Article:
Five Reasons the Chromebook Is the Next Android Tablet

Last Edited: November 5, 2017 | Published: November 5, 2017 by

Five Reasons the Chromebook Is the Next Android Tablet

When you think Android tablets, names such as Samsung and perhaps Google come to your mind. But, other than the Samsung Galaxy Tab S3, how many new high end Android tablets have you seen recently? Think about it. I bet you can’t think of any. Since Google released the Pixel C, we haven’t really seen anything from the curator of Android.

In fact, if you look at Google’s own store, you will have a tough time finding a premium tablet made by them. In many ways, that makes me sad, as I’m still a huge fan of tablets. But, if you really look at where things are going, you will realize that they haven’t given up on them at all. They have just shifted their focus from standard Android tablets to Chromebooks, offering a more tablet-like experience with their browser based operating system. At the end of the day, this could be a good thing for tablet fans, as you will end up with a more powerful tablet operating system that could be used to replace your standard laptop.

Today, let’s look at five reasons why the Chromebook be the next Android tablet that we have all been waiting for.

What Are Chromebooks?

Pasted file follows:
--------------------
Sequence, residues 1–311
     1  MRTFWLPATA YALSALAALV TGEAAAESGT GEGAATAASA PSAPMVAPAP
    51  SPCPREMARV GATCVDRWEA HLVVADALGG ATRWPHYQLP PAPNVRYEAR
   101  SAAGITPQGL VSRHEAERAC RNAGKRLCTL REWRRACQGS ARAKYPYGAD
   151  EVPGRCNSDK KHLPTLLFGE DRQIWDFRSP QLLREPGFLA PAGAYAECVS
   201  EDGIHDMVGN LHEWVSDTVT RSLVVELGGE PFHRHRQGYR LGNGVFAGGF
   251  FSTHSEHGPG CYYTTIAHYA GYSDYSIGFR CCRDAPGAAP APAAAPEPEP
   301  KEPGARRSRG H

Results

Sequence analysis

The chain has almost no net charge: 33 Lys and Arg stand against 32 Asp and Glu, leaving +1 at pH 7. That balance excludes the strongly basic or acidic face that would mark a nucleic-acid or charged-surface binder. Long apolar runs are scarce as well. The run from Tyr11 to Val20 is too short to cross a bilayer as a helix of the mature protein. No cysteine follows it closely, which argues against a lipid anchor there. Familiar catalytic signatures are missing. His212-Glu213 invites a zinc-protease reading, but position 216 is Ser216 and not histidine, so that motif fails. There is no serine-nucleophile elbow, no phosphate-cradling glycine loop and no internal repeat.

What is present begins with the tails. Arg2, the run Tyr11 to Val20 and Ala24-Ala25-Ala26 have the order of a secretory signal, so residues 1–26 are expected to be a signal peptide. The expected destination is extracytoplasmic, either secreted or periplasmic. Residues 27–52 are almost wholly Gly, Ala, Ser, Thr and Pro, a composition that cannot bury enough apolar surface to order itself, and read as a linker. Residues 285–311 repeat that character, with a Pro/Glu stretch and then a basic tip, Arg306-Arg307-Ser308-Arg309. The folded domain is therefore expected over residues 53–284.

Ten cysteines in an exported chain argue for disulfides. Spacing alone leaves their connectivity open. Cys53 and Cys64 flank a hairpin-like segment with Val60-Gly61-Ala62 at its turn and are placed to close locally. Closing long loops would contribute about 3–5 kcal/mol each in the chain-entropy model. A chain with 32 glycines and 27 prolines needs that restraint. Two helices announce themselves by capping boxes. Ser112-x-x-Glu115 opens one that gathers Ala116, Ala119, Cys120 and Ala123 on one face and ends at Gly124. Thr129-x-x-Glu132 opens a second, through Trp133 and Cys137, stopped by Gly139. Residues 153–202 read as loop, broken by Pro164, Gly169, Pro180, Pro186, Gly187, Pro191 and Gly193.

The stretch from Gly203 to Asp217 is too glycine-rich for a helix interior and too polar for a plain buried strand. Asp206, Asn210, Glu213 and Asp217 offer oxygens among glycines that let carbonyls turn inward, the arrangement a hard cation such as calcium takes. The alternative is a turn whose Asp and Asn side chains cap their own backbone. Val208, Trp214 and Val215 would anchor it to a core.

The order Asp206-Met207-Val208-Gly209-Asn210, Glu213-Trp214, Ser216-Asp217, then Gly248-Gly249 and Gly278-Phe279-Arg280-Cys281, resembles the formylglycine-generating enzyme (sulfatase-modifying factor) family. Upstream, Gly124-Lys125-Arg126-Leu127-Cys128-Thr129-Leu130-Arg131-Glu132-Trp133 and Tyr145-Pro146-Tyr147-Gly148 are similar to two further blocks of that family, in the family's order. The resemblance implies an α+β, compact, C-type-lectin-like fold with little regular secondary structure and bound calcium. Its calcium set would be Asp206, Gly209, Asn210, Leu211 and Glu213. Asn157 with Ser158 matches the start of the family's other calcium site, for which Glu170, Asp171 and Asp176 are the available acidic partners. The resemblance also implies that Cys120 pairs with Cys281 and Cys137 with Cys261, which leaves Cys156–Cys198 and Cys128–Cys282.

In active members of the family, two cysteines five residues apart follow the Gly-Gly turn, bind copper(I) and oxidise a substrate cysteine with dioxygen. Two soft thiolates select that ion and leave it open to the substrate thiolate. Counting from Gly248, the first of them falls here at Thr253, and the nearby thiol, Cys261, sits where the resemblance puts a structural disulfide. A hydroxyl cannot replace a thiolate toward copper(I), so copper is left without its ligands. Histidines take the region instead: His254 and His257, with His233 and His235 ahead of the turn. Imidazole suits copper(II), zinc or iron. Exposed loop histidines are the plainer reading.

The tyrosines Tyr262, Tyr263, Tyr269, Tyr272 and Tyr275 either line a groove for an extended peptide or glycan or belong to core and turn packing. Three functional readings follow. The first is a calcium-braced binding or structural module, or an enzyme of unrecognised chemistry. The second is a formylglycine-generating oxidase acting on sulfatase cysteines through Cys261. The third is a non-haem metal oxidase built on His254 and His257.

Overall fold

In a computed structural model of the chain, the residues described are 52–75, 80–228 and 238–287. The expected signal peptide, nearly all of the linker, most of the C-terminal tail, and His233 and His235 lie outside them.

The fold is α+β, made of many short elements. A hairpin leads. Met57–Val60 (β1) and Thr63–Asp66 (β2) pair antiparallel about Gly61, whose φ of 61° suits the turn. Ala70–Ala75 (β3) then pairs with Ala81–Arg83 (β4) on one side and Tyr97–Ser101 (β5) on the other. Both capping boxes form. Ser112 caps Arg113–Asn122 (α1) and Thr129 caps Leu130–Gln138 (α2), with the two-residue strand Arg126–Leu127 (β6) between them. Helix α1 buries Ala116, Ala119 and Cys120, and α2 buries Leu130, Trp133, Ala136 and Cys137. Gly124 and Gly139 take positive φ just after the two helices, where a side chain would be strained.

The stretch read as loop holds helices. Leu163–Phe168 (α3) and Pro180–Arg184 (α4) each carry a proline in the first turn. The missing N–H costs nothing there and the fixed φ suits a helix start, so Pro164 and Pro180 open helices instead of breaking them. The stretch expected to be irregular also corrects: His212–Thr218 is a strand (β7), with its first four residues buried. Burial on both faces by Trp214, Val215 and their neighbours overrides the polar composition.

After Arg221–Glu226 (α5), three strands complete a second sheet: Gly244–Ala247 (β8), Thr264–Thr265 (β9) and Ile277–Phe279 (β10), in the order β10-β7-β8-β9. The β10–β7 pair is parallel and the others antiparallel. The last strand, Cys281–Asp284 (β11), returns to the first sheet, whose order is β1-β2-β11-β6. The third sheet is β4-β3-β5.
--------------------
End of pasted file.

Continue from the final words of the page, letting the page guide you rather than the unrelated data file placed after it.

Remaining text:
Before we dive into these reasons, I felt it was important to address exactly what a Chromebook is. While many of you may be familiar with them, there are many consumers out there that really don’t know what they are or what to make of them.

A Chromebook is a laptop or a convertible laptop that is powered by Chrome OS, Google’s own operating system built on Linux and their web browser – Google Chrome. In the beginning, this operating system was designed for anyone who wanted a simple to use, web centric OS that was affordable. Today, it has evolved into so much more.

Reasons Chromebooks Could Be the New Android Tablets

Let’s take a look at just why I, and many like many, believe that the Chromebook could be the next step for Google in the tablet world.

1. Android Apps on Chrome OS

One of the biggest steps/hurdles that Google had to overcome was the app ecosystem. Chrome OS was originally designed to use browser apps designed for Google Chrome. While it worked well, it is a bit limiting. Android, on the other hand, has the largest app store on the planet. Imagine running these apps on Chrome OS. Well, now you can. While not every app will run properly, many of them run rather well and the Play Store is now included with Chrome OS. This really opens up a lot of possibilities and expands the number of apps available for Chrome OS exponentially. Not only that, but it is a big signal that Google plans on combining Android and Chrome OS into one amazing hybrid operating system designed for laptop use and tablet use.

2. Blending of User Interfaces

For several years now, Google has been working on blending the user interfaces of both Android and Chrome OS. In the beginning, they were two very distinct operating systems with interfaces that were, in many ways, quite different from one another. Today, it’s a different story. There are many elements of Android that Google has included in the most recent versions of Chrome OS. In some ways, you can’t really even tell the difference. That’s not to say they are one in the same…yet. Google still has a long way to go before you won’t be able to tell a difference. That being said, you will find many similarities already present.

3. Optimization for Touchscreens